Mobs never used to give up the chase so quick.Â In games like EverQuest, mobs never stopped following until you ‘zoned’ (a concept also becoming foreign these days).Â Zoning meant crossing the invisible threshold into another ‘zone’ (that’s where the name came from, btw) which gave a loading screen.Â While annoying, this simple concept had incredible influence over so many aspects of the game.
Dungeons were downright deadly.Â Going too deep meant your entire group would have to zone if you got aggro you couldn’t kill.Â Not only would that mob chase the person it aggroed on, but it would probably hate anyone who looked at it along the way.
Zone size was an important consideration.Â A huge zone meant you had to run really, really far.Â Â You couldn’t always outrun the mobs either, so if you were too far from a zone line you might be screwed. I was always – always – keeping in mind where the zone line was so that I could make my escape if a train came by or I quickly found myself outgunned.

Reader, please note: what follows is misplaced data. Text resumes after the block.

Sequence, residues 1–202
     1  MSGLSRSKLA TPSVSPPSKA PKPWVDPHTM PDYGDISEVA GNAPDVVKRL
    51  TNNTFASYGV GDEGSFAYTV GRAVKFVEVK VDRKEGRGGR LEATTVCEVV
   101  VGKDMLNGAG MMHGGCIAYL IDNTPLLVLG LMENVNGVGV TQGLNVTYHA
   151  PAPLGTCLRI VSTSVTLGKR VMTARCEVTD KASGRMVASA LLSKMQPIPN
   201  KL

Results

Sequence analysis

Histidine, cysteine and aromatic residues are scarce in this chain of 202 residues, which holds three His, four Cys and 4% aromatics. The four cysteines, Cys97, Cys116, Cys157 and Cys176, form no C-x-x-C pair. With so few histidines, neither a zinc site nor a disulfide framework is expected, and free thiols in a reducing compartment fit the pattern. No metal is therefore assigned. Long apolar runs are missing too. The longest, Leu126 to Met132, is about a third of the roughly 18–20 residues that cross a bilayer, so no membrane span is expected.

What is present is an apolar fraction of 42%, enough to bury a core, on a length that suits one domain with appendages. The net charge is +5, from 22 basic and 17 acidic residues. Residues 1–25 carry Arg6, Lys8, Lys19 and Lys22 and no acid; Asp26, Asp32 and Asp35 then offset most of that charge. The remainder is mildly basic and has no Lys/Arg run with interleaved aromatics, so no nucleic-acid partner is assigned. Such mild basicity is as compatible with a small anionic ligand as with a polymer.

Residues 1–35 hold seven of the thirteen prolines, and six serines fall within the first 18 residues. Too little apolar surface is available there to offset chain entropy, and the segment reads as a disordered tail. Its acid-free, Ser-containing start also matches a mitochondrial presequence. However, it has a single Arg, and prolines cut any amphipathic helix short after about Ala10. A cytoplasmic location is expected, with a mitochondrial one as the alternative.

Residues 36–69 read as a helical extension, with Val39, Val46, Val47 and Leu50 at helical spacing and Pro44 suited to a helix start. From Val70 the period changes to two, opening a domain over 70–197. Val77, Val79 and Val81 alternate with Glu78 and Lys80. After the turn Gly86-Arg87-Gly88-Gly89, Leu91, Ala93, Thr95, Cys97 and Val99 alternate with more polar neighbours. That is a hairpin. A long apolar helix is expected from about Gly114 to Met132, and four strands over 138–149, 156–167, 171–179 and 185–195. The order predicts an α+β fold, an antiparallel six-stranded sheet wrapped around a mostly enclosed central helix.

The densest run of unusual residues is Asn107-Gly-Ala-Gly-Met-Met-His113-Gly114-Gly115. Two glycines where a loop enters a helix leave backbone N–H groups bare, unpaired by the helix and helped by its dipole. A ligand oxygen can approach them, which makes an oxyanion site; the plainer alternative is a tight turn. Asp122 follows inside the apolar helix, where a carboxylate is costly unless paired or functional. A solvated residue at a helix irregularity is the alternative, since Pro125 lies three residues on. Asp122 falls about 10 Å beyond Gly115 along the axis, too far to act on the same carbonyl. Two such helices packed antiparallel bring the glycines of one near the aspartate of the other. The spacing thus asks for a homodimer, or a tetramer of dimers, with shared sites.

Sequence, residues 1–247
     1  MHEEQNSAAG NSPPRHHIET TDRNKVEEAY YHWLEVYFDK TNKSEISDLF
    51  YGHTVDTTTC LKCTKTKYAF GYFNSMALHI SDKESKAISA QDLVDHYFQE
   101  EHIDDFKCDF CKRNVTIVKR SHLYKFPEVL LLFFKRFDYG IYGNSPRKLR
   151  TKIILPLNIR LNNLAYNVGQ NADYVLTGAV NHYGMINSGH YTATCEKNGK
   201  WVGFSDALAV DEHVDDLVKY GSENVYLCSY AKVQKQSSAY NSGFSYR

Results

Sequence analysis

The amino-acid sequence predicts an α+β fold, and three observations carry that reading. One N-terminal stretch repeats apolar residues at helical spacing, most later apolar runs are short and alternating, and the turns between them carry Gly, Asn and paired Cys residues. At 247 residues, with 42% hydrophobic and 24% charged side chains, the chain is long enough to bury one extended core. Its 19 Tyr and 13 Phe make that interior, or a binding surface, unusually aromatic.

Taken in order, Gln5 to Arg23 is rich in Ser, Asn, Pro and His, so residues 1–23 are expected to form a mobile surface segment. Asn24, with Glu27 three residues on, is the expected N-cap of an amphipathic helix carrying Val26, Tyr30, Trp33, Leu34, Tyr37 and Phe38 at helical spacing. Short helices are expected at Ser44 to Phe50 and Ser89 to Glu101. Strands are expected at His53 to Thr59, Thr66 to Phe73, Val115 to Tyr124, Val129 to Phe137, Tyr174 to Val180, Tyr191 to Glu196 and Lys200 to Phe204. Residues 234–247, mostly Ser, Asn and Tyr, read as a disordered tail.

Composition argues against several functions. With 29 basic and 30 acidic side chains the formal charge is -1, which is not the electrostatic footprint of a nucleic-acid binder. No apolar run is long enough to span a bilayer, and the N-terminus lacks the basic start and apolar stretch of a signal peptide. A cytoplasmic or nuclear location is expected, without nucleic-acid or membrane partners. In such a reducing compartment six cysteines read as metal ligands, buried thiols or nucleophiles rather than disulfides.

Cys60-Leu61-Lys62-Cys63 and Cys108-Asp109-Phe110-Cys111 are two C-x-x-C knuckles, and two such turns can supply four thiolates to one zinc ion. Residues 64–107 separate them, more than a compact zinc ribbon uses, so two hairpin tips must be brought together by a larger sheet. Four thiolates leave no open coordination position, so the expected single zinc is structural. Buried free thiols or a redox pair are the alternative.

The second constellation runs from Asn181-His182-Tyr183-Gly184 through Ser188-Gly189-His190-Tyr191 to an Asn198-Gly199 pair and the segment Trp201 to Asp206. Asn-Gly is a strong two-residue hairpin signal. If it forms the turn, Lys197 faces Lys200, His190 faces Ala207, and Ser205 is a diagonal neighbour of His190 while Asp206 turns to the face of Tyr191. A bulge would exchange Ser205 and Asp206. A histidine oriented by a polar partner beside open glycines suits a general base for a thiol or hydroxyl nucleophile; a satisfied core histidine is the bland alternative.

Speed buffs mattered.Â Spirit of the Wolf wasn’t just a travel luxury, it was always a survival mechanic.Â Given the aforementioned points, run speed was almost mandatory for some situations.
Pulling was possible.Â Groups used to sit in a corner of the zone and send out one person to grab monsters and bring them back.Â Players could sit down, claim a spot, socialize, and just kill mobs.Â Certain classes were also “pullers” giving that mechanic life.
That one seemingly smaller mechanic made a huge impact.Â A lot of people are quick to say how annoying it was that mobs didn’t stop chasing, or simply dismiss the mechanic as old, but look at the result of mobs leashing.Â You can take almost all of these points and flip them around and see the opposite.Â I know it’s not “this is why things are the way they are,” but it’s worth taking note of the little things that have an impact on our games.